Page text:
This kind of discriminatory paranoia should mean Russia is incapable of hosting the games, but the IOC has continued its refusal to engage with the issue.

3) Russian Authorities Pursue Teenage Girl for Coming Out

Earlier this week reports began to emerge that a girl of around 14 years of age was being investigated for gay propaganda after having “openly declared herself tobe aperson ofnontraditional sexual orientation.” Basically, for coming out and daring to tell others that being gay is okay. That did not sit well with local authorities and a police investigation got underway.

Reports Radio Free Europe: published a copy of a special police commission’s resolution on its website.

It said the student was found guilty of “systematically disseminating information directed to the formation of distorted ideas about social equality among traditional and nontraditional sexual relations.”

That charge would have remained on the unnamed girl’s criminal record, possibly hampering her chances for employment and moving on with her life. Fortunately, and apparently after a public outcry, it appears those charges have now been dropped. The fact that Russian authorities saw fit to pursue a ninth grader however speaks volumes about the desperate civil rights situation within the country.

4) Books Investigated for Gay Propaganda

Leading Russian novelistLudmila Ulitskaya has spoken out about how she believes a book she had a hand in creating is being investigated under Russia’s gay propaganda law.

Reports the Guardian:

The Family in Our Country and Others, by Vera Timenchik, “caused a stormy reception”, she said. “There is a small section that says in some places in the world there are also homosexual families.”

She said Timenchik had been called for questioning by authorities and had told her that investigators wanted to speak to her too.

“I’ve been abroad for the last month and a half and I will go to see them as soon as I return to Moscow,” Ulitskaya told AFP.

Russian authorities are denying these claims, saying the books have not been checked in this manner, however we do know that local authorities have raised objections about the book and that it appears to have been removed from children’s libraries in some places.


That’s what happened this past week in the run-up to the games. Care2 will of course keep you updated about the latest goings on in Sochi as they happen.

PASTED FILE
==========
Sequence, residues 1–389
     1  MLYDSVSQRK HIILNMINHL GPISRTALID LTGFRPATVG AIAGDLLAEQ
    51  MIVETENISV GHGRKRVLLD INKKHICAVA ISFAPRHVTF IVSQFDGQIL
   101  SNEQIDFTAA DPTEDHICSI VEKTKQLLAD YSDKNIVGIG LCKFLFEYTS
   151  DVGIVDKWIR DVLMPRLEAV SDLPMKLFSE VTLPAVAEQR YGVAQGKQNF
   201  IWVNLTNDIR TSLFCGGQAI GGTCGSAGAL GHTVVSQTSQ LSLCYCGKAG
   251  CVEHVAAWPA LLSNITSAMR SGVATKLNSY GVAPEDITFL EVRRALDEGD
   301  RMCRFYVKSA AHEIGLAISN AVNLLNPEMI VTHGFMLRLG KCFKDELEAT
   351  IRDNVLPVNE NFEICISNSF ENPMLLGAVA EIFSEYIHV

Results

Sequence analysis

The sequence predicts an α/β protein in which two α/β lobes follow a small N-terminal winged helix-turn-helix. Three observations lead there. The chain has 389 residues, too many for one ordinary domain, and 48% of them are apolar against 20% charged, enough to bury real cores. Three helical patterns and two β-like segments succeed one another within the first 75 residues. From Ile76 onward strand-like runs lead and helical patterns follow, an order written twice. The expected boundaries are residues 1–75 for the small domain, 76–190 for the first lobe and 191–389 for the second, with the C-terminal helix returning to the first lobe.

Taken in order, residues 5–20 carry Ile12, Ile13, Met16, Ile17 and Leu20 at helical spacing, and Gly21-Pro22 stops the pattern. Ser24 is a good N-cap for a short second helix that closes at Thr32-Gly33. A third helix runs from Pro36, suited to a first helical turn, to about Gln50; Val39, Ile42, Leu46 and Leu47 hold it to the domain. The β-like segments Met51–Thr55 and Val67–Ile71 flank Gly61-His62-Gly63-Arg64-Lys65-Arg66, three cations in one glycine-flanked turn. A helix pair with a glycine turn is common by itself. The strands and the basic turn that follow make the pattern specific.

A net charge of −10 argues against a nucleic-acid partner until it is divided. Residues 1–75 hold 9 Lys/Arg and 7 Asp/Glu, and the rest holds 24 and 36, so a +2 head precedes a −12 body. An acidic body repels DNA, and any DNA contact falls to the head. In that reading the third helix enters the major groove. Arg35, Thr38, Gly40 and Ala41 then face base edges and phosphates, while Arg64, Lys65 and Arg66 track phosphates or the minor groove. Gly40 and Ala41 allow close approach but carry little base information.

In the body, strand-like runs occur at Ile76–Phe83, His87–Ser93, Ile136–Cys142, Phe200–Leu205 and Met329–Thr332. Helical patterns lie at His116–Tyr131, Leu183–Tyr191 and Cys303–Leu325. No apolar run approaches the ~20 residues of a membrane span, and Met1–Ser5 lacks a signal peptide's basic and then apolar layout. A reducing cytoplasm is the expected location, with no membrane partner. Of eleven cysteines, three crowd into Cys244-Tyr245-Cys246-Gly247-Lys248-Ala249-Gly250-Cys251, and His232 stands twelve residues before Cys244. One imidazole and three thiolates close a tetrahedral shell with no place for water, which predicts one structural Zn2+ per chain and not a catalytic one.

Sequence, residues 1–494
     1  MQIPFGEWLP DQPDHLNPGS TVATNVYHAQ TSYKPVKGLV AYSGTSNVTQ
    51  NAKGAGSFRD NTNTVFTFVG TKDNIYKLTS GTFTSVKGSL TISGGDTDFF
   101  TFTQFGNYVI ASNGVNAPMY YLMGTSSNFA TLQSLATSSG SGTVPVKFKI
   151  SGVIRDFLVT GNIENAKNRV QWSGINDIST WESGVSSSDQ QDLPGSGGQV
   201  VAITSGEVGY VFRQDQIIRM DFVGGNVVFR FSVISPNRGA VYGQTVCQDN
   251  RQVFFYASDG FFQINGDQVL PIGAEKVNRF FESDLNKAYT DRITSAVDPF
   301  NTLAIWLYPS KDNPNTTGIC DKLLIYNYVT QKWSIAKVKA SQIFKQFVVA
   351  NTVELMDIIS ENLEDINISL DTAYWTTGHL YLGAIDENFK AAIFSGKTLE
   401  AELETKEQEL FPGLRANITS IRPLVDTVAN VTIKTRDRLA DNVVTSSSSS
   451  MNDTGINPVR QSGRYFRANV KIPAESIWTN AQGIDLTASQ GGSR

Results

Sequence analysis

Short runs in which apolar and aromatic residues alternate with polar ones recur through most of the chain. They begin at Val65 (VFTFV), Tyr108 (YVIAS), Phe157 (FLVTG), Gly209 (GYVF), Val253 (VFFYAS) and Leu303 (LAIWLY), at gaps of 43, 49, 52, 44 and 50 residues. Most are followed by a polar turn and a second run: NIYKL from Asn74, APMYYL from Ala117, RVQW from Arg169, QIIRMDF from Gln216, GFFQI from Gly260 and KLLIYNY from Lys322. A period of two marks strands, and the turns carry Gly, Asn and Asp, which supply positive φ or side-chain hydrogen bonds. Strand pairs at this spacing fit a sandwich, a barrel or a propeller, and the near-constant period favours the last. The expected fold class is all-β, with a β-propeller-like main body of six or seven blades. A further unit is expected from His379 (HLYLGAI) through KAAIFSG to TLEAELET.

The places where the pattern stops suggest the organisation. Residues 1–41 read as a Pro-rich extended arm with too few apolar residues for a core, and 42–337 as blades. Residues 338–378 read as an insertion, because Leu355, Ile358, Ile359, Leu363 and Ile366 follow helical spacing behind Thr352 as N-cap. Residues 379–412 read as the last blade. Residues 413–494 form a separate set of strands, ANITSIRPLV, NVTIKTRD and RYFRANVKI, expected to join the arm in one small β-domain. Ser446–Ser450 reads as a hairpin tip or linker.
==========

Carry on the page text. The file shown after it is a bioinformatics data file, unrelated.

Photo credit: Global Sports Forum


Tim W.
Timothy W2 years ago

Ron C,
I appreciate what you are saying, I don't really see however how speaking openly about sexuality is going to have a negative impact on straight or gay youth. Only talking about one type of sexuality will have a negative impact on the type not being spoke of. The only case I have ever seen or heard of a straight person being concerned that they might be gay, was in cases where the youth exhibits traits that are often unjustifiably attributed to being gay. So it seems to me that open frank discussion of sexuality would help some straight youth who might have some confusion if anything. A lot of people are concerned about educating youth about homosexuality as if they are going to be given lessons on the mechanics. That of course is ridiculous.

You had mentioned the whole developing as a person going through puberty. I certainly hope you understand that a person is gay or straight or possibly by, before they hit puberty. There is so much more to a persons sexual identity than just the sex.

Ron C.
Ron C2 years ago

I am referring to the possible negative impact that the LGBT movement may have on straight young people...just as you say I am not qualified to speak to gay issues....perhaps you have no idea what I am talking about when referring to straight young people...I fully acknowledge and understand what you say about gay youth needing support, and the difficulties you speak of....and I understand that the gay movement was absolutely necessary to change the way things are not getting what I am saying..the fight for gay rights and recognition has been going on for so long and it might be time to look beyond the movement to see if it is having unintended negative consequences in general....and specifically negative outcomes for straight youth...because it does matter...and remember I am speaking from the perspective of a Canadian where gay rights and acceptance seems to be light years ahead of some places on earth...and I think we are at a point in Canada where we can start to have a balanced and fair discussion about this without everyone on one side calling everyone on the other side a the LGBT movement matures and achieves many of its goals it increasingly becomes a legitimate debate...and we can all have a discussion from the same side...all as members of humanity.

Tim W.
Timothy W2 years ago

Ron C.